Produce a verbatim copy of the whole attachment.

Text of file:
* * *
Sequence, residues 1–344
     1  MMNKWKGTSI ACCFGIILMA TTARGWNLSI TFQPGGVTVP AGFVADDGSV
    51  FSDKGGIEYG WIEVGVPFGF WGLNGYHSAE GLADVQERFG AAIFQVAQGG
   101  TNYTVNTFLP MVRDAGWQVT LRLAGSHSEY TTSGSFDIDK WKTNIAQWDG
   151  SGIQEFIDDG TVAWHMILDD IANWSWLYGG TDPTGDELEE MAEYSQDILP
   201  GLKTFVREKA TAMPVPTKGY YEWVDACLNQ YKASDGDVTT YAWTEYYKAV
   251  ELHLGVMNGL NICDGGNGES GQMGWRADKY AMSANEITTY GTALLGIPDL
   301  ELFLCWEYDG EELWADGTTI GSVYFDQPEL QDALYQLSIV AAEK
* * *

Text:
Sequence, residues 1–344
     1  MMNKWKGTSI ACCFGIILMA TTARGWNLSI TFQPGGVTVP AGFVADDGSV
    51  FSDKGGIEYG WIEVGVPFGF WGLNGYHSAE GLADVQERFG AAIFQVAQGG
   101  TNYTVNTFLP MVRDAGWQVT LRLAGSHSEY TTSGSFDIDK WKTNIAQWDG
   151  SGIQEFIDDG TVAWHMILDD IANWSWLYGG TDPTGDELEE MAEYSQDILP
   201  GLKTFVREKA TAMPVPTKGY YEWVDACLNQ YKASDGDVTT YAWTEYYKAV
   251  ELHLGVMNGL NICDGGNGES GQMGWRADKY AMSANEITTY GTALLGIPDL
   301  ELFLCWEYDG EELWADGTTI GSVYFDQPEL QDALYQLSIV AAEK